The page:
These improved usage behaviors also lead to increased return on technology investment for CIOs. According to an October 2020 Forrester Consulting study, The Total Economic Impact™ of WalkMe Digital Adoption Platform, a study WalkMe commissioned (“TEI Study”), our Digital Adoption Platform was estimated to deliver net present value savings of $9.8 million from increased application usage and process efficiency over a three-year period for a modeled composite of representative customers. The TEI study also found that WalkMe can deliver up to a 368% return on investment over three years for customers implementing our Digital Adoption Platform, with a payback period of less than three months. The study further found that WalkMe enabled organizations can realize future license savings of about 20% savings in the third year of implementing our Digital Adoption Platform. Additionally, the study indicated that the value of the benefits customers derive from WalkMe can grow approximately 126% over three years as organizations implement more use cases.
 
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Increases Employee Productivity and Reduces Support Costs. By engaging employees across software applications, employees are able to use more easily the software applications that the enterprise has deployed. This leads to improved productivity, increased data accuracy, reduced support costs and increased employee engagement. Based on the TEI Study, employees observe a 60% reduction in training time on applications and savings of 50% from reduced IT support calls and Help Desk tickets. With WalkMe, employees are able to realize the full capabilities of different applications without friction, driving better performance in their jobs and improving business outcomes for the organization.
 

Improves Customer Engagement. Our Digital Adoption Platform improves customer engagement and retention by simplifying the end user experience. According to the TEI Study, our Digital Adoption Platform resulted in an approximate increase of 35% in customer retention and 10% growth in upsell opportunities from existing customers over three years.

For additional details regarding the TEI Study, see “Market and Industry Data.”

Our Competitive Strengths

Category-defining platform powering digital transformation. We pioneered the digital adoption category. We believe that our position as the market leader and our strong brand awareness increases our opportunities to win new customers and to expand our offerings within our existing customers. According to a 2021 Everest Group study that observed 18 Digital Adoption Platform vendors, in 2020 WalkMe’s Digital Adoption Platform market share, by license revenue, was greater than 45%. As of December 31, 2021, our customers included 367 of the Global 2000. We believe the adoption of WalkMe by the largest global enterprises is evidence that our platform has the enterprise-grade functionality, scalability, reliability and security required by the world’s most demanding organizations.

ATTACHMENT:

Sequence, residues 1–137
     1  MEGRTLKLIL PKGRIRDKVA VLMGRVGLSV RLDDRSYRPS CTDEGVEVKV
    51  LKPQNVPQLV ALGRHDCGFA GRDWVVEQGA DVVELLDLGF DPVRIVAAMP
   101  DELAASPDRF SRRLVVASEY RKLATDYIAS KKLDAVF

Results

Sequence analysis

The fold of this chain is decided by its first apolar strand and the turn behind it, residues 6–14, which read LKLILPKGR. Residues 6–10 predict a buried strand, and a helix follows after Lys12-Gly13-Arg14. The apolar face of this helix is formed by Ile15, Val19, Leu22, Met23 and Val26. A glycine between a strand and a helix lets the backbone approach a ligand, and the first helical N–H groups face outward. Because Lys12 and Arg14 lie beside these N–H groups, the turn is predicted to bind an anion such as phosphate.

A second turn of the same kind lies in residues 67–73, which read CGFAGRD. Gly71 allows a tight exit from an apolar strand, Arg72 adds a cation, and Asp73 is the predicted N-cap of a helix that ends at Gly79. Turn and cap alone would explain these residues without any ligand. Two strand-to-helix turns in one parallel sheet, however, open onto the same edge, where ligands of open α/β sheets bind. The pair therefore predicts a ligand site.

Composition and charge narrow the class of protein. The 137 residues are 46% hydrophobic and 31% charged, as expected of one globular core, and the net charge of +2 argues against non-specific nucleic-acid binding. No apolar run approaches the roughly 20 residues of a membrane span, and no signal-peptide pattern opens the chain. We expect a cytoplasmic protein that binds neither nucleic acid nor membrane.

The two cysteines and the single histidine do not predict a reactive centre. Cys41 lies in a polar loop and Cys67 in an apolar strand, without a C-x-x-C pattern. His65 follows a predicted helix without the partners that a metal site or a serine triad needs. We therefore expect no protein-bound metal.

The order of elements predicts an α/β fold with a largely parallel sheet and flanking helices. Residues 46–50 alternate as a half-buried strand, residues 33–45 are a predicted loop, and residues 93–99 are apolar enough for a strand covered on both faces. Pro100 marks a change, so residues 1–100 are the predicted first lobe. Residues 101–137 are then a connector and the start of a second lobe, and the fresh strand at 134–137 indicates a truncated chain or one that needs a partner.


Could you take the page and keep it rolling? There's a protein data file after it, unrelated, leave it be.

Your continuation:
Broad, rich dataset and AI/ML capabilities provide valuable insights and continuous optimization. The breadth of applications where our software is deployed has enabled us to build a massive dataset, capturing on average billions of data events per day. We leverage this dataset to power our machine learning algorithms, which proactively identify where users struggle, what users’ intent was in completing an action within an application or workflow, and where opportunities exist for automation of repetitive workflows. The depth of our experience has provided us with deep insights on best practices and industry benchmarking, as well as key performance indicators, all of which we are able to share with our customers. As a result, WalkMe acts as both a platform for discovering and implementing digital transformation initiatives, and enabling customers to rapidly adjust business processes and test impact, driving a cycle of continuous optimization.

Proprietary AI technology that recognizes user interfaces. Our technology operates as a layer upon any user interface and leverages artificial intelligence to analyze and identify the underlying elements of the UI. By deploying this patented UI intelligence technology across thousands of software instances, we have developed deep insights into how users interact with software and a powerful understanding of the consistent elements present across many different user interfaces. This core technology ensures that if an application or user interface is updated, the existing collection of our instructional guides and automated workflow processes are automatically updated to support the new version of the underlying application with limited or no input from our customer. For example, if an update to an underlying application changes the location of a field linked to a Walk- Thru, WalkMe will automatically recognize the new location and the workflow for the user will not be disrupted. Similarly, as users customize their UI to their own preferences, the WalkMe automations and guidance layers will adapt to the user by recognizing the relevant underlying elements. This technology enables our customers to scale and advance their digital transformation strategies by significantly reducing maintenance requirements and costs borne from constant changes to the underlying software, continuous process modification and optimization, and the flexibility desired by and unique needs of each user.